While things may have been going splendidly for Sarah, the same could not be said for the thousands of diggers, and their wives, who struggled to make a living on the Goldfields. Despite Murray’s declarations, the precious metal was hard to find. Miners were also reeling under the imposition of excessive taxation, burdened by authoritarian diktat, often humiliated by unwarranted bureaucracy and continually harassed by military and police personnel. By 1854, Ballarat and its environs were a hotbed of simmering unrest and disaffection. To counteract their perceived injustices, the miners established a Diggers Rights Society and launched a Diggers Defence Fund. It was in support of this cause, that Sarah Hanmer exerted her considerable energies, announcing a fundraising event at the Adelphi on 26 October 1854. Her efforts on that night raised over £70. This performance was followed by several other benefits, and by the end of November, Sarah had raised more money for the Defence Fund than any other citizen of Ballarat.

Storming of the Eureka Stockade

Storming of the Eureka Stockade

While the Adelphi was a source of support and finance for the diggers, Sarah also, very delicately, maintained a good relationship with the Goldfields Resident Commissioner, Robert Rede. On 1 December 1854, under Rede’s patronage, she staged a performance of the play ‘Money’. On the following day, Saturday 2 December, in order to underline their grievances, about 1500 disaffected miners and families defiantly crammed into the makeshift Eureka Stockade. After being regaled by some rousing speeches, and fortified with a limited amount of drilling, by evening most of the crowd had drifted back to their tents on the diggings. At daybreak on Sunday only about 150 stalwarts remained inside the Stockade, about half of whom were Irish.

It was then that the army and mounted police chose to attack. To meet this unexpected assault the rebels brandished a number of firearms and pikes, but some were also ‘armed’ with pistols, revolvers and sabers, all courtesy of the Adelphi Theatre props department. In 20 minutes it was all over; 25 diggers lay dead and 30 wounded, while the troops sustained four deaths and 11 woundings. Following the fall of Eureka, troops went on the rampage, bayoneting dying and wounded rebels, hacking and setting fire to miner’s tents and generally descending to ‘cruel deeds —– that would strike any civilized person with horror’. Many of the dissidents fled into the bush and in order to evade the authorities some males even donned female costumes, acquired from the Adelphi.

Declaration of Martial Law brought the rebellion to an end. It is uncertain just how much influence the bloody events of that early December had on Sarah Hanmer’s decision to leave Ballarat. By the spring of 1855 she had sold her beloved Adelphi and, accompanied by Julia, was performing at various theatres around Victoria. On 1 December 1855, while she was ‘on tour’, a fire broke out in the United States Hotel, Ballarat, quickly razing all the new wooden buildings on Main Street before consuming the Adelphi Theatre.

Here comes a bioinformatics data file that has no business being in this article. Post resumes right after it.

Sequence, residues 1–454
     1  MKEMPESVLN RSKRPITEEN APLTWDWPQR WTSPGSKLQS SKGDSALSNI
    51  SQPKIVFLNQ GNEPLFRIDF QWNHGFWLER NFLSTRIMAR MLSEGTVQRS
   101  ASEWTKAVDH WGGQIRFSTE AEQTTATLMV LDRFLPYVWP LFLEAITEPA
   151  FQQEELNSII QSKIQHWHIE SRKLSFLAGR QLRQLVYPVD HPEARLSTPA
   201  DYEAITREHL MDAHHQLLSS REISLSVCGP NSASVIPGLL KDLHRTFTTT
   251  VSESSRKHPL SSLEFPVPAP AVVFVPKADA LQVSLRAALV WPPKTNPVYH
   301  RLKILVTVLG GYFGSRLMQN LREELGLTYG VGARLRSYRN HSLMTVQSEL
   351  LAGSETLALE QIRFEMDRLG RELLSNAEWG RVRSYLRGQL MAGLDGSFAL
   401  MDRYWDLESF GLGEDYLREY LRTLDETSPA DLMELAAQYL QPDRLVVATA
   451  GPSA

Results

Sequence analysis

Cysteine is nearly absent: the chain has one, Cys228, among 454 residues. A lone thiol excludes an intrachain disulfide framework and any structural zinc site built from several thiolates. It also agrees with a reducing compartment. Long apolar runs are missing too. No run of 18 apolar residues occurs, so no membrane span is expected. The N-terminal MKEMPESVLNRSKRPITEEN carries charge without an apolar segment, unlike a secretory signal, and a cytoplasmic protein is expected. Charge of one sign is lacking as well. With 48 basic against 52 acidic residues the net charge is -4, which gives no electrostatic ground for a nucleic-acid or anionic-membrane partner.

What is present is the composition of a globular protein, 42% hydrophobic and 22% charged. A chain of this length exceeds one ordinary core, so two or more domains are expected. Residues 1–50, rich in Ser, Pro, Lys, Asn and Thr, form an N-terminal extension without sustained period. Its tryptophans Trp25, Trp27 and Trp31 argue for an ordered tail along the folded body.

When Sarah Hanmer left Ballarat, she was well off financially, supported by rent derived from a number of properties she still owned in the town. By 1864, she had settled in Brisbane, where she established a new Adelphi Company. On New Year’s Eve 1864, she staged a benefit concert under the patronage of the Queensland Governor, Sir GF Bowen. Sadly, on 9 August 1867, Irishwoman, and former darling of the Goldfields, Sarah Ann Hanmer, died in Adelaide, aged 46. Her daughter, Julia, a mother of seven children, died in Melbourne in 1920, and was buried at Waverley Cemetery.

John Hagan is a graduate of TCD. He emigrated in 1976 to take up a lecturing position in Perth, Western Australia. Now living in Tasmania, he contributes to magazines and newspapers in South Korea, UK, Ireland, Canada and Australia.

Footnote: Sarah Hanmer’s story has been extracted from Claire Wright’s recent book, The Forgotten Rebels Of Eureka. Wright’s well researched, exhilarating and beautifully told account focuses on the role females played in this eminent chapter of Australia’s democracy. In addition to Sarah Hanmer, the book also features contributions from other Irishwomen, including Catherine Bentley, Martha Clendinning, Alicia Dunne, Anne Diamond, Anastasia Hayes and Catherine McLister, made towards, what Mark Twain dubbed, ‘The finest thing in Australia’s history’. The Forgotten Rebels Of Eureka is issued by Text Publishing, Melbourne.